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Ellis Property
Evesham and Medford Townships, NJ

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Record of Decision Amendment [7.5 MB, 160 pp]

The Ellis Property is a 36-acre tract of land located in Evesham and Medford Townships. The property is surrounded by farmland and wooded lots. The site, originally a dairy farm, was used for drum storage and reconditioning operations. Approximately 4 acres of the 36-acre tract were directly involved in this operation. The site included a large two-story building housing several washing tanks and troughs, and 50 to 75 drums, many full. There were also three sheds, which contained drums of various sizes and chemical containers. An area adjacent to the sheds contained about one hundred 55-gallon plastic drums, most of which still contained some liquid. A total of approximately 300 containers were discovered at the site. Some of the drums had corroded or otherwise deteriorated so that the contents had leaked onto the ground. The shallow Englishtown Aquifer underlies the site, with other aquifers about 300 feet below. Ground water in the vicinity serves as a drinking water source for approximately 900 homes, and for the irrigation of farmland. There are about 20 potable wells within a 1-mile radius of the site. Approximately 3,500 people live within a three-mile radius of the Ellis Property; the nearest residence is about 2,500 feet from the site. The closest surface water body is Sharps Run, approximately 1/4 mile north of the site. Drainage from the site flows east through a natural swale and trenches into a wetland area. Drainage from the wetlands eventually leads to Sharps Run.

The shallow ground water is contaminated with volatile organic chemicals or VOCs, including trichloroethylene (TCE) and tetrachloroethylene (PCE), and heavy metals, including arsenic, chromium and lead. The surface soils are contaminated with VOCs, heavy metals and polychlorinated biphenyls (PCBs). Surface water and sediments at the site show elevated levels of heavy metals and TCE. Ground water contamination appears to be limited to the shallow aquifer. People may be at risk from direct contact with contaminated soil, or accidental ingestion of the contaminated groundwater and soil. Ecological communities were found to be at marginal, but not unacceptable, risk from the contaminants in the wetland.

EPA performed several removal actions to alleviate immediate risks posed by the site. Approximately one ton of lime was used to neutralize the acid soil spill. Removal of the remaining drums and containerized materials was completed in 1990. Under the remedial action for soil, approximately 1,000 cubic yards (1,600 tons) of contaminated soil were excavated and backfilled with clean soil, and the ground-water remedy is underway. NJDEP established a classification exemption area for the contaminated portion of the aquifer to prevent the installation of new wells. Contaminated soils were removed from the site. The ground water remedy is ongoing. NJDEP and EPA are currently evaluating changes to the ground water remedy to speed up the cleanup process.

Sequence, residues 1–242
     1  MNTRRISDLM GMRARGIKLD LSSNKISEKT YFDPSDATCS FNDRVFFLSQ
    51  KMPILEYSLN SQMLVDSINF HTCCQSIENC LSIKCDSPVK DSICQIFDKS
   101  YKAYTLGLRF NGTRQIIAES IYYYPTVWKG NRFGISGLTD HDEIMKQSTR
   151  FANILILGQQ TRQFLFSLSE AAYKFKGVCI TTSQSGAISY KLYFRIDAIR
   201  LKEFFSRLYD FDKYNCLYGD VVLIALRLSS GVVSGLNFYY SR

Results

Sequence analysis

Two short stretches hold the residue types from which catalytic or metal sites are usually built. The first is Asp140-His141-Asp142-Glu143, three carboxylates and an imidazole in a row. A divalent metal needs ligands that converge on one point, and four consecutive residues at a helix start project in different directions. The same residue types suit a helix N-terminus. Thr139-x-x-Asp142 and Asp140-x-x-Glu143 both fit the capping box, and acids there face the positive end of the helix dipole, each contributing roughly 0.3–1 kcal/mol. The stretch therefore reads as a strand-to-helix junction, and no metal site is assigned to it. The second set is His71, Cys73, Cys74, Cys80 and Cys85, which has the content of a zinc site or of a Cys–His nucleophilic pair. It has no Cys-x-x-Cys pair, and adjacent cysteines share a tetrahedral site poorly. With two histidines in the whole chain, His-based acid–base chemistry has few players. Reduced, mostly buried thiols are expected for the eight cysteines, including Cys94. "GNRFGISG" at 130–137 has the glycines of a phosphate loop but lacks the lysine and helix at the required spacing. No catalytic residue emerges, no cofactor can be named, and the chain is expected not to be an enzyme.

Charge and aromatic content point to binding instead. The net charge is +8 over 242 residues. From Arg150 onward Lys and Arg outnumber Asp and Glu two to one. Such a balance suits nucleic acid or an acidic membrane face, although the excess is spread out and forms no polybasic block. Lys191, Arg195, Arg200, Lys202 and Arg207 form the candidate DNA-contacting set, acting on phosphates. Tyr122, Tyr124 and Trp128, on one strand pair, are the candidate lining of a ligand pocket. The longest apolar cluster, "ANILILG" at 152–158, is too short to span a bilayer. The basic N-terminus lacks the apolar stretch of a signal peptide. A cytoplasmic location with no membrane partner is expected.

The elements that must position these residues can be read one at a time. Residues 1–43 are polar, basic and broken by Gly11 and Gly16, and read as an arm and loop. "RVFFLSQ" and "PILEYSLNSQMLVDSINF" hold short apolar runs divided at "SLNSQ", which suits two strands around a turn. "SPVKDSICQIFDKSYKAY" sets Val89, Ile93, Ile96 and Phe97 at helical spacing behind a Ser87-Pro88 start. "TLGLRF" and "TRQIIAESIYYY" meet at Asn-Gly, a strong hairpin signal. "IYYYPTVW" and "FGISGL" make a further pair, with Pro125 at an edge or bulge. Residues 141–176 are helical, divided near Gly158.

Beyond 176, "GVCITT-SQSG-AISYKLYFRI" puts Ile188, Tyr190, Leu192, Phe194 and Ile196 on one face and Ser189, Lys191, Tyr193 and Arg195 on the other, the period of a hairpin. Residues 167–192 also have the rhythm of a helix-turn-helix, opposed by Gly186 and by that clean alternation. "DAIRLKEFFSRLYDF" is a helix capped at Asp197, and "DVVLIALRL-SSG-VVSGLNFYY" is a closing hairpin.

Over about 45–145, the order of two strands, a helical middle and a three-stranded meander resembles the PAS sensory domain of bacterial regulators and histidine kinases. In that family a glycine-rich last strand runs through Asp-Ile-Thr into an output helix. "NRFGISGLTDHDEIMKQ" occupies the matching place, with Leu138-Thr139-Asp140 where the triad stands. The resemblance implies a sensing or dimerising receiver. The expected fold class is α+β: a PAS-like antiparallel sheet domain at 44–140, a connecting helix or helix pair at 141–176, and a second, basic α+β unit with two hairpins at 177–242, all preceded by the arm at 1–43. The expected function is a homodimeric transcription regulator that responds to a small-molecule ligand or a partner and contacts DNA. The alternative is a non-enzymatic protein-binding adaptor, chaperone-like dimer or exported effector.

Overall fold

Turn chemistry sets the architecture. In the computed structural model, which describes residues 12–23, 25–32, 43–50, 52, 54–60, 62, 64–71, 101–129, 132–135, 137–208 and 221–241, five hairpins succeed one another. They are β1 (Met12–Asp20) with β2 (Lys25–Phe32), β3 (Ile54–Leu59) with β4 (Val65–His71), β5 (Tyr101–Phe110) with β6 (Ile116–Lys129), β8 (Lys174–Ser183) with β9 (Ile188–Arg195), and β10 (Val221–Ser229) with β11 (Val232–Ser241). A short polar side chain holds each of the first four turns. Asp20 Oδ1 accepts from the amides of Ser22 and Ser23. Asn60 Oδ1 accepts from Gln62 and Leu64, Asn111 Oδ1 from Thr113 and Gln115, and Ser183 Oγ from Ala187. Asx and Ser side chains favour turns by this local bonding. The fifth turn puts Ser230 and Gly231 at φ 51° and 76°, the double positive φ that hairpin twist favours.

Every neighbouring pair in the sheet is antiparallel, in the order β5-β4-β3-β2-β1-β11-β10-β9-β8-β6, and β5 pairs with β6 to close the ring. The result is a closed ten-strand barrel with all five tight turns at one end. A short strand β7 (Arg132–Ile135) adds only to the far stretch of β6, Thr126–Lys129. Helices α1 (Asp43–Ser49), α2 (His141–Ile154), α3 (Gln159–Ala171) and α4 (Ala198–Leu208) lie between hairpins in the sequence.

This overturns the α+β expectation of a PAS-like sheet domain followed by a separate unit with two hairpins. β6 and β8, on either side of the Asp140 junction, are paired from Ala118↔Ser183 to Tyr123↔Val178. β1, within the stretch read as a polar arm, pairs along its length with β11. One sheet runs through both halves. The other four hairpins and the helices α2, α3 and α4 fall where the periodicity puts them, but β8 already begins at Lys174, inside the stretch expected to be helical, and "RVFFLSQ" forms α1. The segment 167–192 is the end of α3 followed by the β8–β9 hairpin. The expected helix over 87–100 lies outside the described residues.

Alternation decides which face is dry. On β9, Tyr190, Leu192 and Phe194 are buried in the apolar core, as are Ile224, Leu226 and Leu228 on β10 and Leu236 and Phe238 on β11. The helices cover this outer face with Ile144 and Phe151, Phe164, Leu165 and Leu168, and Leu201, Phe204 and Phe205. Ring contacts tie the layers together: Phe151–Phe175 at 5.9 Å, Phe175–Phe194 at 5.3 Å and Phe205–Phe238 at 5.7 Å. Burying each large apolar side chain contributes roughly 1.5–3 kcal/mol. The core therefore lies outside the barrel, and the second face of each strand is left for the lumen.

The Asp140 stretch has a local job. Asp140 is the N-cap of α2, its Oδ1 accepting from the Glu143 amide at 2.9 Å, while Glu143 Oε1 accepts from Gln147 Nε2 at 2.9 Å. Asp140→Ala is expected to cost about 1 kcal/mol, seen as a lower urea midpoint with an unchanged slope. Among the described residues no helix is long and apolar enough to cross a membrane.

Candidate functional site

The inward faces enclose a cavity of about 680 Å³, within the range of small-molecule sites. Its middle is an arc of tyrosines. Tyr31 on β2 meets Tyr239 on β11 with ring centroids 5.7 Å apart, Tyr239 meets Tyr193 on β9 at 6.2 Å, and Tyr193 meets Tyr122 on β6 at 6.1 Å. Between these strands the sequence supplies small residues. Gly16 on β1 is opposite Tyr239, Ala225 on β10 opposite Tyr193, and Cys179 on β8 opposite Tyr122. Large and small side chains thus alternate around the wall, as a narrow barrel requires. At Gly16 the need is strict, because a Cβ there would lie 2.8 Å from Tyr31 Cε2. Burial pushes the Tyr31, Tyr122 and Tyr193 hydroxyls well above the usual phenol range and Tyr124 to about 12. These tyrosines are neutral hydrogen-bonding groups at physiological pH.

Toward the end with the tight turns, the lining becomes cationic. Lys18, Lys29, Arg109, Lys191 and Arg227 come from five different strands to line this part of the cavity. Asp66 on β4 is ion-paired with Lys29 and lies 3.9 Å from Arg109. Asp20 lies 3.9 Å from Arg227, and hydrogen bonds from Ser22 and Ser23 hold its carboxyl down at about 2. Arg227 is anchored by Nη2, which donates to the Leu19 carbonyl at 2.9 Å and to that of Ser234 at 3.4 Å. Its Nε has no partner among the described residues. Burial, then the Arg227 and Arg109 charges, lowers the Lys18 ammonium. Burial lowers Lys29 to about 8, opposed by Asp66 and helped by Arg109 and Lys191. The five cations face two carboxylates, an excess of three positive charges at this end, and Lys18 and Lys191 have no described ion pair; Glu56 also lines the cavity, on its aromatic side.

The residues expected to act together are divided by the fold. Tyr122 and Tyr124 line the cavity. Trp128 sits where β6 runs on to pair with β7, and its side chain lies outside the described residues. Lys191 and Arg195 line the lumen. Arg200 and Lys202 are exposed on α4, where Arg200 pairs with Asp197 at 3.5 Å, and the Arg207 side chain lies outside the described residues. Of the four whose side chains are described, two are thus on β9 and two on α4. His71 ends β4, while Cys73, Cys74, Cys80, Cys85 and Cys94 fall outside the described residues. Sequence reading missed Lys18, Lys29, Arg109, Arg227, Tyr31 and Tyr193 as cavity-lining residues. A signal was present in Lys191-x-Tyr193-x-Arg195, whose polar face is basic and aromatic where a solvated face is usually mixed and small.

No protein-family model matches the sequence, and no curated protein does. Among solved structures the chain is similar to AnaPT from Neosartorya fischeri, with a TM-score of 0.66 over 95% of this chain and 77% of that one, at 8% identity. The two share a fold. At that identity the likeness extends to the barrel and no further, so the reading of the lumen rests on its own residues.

In 1992, EPA selected a remedy to address volatile organic compound (VOC) contamination in the soil and groundwater at Ellis.  This 1992 Record of Decision (ROD) called for the excavation and off-site disposal of contaminated soils, and construction of a groundwater collection and treatment system to restore the contaminated aquifer. 

The soil component of the remedy was completed in 1998 and the groundwater collection and treatment system began operation in 2000.  EPA and the New Jersey Department of Environmental Conservation (NJDEP) monitored the performance of the pump and treat system at Ellis and determined that is has only been partially effective in addressing contamination at the site.  Further investigations revealed additional sources of VOC contamination in the subsurface soils at several areas of the site.  These sources are contributing to groundwater contamination and are preventing the groundwater collection and treatment system from restoring the aquifer.  As a result, the goal of the remedy for groundwater, aquifer restoration, could not be achieved within a reasonable time frame using the existing system.
EPA selected a remedy in 2013 to address the additional contamination  identified at the site.  The 2013 ROD consists of excavation and off-site disposal of the contaminated soil.  EPA believes that it will take approximately one year to excavate the sources of groundwater contamination, followed by several years of monitoring to confirm the effective remediation of the groundwater plume


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